Good afternoon. Tan Sri, Tan Sri, Datuk Datuk, distinguished guests, ladiesand gentlemen. It is an enormous pleasure for me to be with you here thisafternoon. And I must start by thanking the Malaysian Palm Oil Council for inviting me. In fact, I spent three very happy years here in Malaysia and Iam horrified to think that it was more than 20 years ago, from 1987 to 1990.I was based in Malacca and running a textile business. So it is a greatpleasure for me to come back to Malaysia, albeit on a very short visit.We have heard a lot since lunchtime about the technology, and we areturning here to the politics. I have to admit that I won’t necessarily betaking you down the green revolutionary road
(a reference to an earlier speech).
The title of my speech is
“The Global Climate Change Debateand Tax-Payer Funded Environmentalism”.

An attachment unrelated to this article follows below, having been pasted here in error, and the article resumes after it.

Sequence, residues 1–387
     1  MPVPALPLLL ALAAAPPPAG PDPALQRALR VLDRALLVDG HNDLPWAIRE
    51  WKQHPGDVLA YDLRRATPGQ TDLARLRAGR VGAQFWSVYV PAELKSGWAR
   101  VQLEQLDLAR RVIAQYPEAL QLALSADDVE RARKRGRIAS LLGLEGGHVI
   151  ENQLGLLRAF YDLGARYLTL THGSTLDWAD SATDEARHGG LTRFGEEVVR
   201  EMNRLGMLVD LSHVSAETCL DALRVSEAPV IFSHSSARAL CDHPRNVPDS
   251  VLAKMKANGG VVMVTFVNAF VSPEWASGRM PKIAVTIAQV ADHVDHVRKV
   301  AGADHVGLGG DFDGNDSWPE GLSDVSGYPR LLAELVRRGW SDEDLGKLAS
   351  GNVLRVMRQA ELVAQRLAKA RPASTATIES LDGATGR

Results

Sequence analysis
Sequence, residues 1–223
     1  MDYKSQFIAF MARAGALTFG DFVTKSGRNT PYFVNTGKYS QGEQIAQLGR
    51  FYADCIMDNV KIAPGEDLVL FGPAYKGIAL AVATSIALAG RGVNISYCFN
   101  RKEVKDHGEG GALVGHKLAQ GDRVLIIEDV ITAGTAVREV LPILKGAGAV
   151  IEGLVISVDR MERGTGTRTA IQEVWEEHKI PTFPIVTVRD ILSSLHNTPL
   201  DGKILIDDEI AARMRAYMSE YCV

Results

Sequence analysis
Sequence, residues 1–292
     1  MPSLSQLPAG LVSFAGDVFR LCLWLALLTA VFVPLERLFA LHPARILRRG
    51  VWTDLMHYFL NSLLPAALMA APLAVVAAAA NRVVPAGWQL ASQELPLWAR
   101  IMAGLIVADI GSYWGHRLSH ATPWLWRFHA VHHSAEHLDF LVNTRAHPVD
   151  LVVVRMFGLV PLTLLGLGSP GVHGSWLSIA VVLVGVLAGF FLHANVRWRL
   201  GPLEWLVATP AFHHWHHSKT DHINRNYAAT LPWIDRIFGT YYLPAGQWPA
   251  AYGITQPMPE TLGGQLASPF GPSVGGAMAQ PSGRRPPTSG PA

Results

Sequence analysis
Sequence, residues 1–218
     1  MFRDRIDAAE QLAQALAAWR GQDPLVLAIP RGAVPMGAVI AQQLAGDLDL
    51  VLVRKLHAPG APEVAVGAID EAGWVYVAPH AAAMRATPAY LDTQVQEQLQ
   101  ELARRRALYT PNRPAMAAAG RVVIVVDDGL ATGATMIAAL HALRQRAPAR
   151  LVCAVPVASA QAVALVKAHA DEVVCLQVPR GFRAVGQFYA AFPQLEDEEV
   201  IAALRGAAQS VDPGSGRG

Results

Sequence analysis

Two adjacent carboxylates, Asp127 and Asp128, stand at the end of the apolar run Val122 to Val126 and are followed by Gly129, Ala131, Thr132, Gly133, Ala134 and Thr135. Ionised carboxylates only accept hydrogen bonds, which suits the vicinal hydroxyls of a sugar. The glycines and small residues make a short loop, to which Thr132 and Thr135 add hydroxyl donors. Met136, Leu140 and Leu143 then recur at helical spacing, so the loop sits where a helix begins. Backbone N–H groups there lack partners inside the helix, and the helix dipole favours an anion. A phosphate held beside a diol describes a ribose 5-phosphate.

It is a big subject and so Iwill get straight into it. The first thing I want to tell you is that there is anenormous mismatch and dissonance between what you would call theestablishment, the government, the media, large companies and academiaon the one hand, and the view of the general public on the other hand.
While what I will call the iron triangle of the government, academia andmedia are still absolutely committed to the orthodox view of climate changeas set out by the IPCC, the public are becoming more and moredisenchanted with the whole idea. Indeed, I can tell you that in Britain andAmerica, and some European countries, the public are frankly sick to deathof being hectored and lectured and blamed for climate change.They are sick to death of seeing industrial-scale wind turbines at the bottomof their gardens. They look at the weather out of the window and, certainly,we in Britain have just had three of the coldest winters that we canremember in 20 years and, perhaps even longer. I appreciate that we must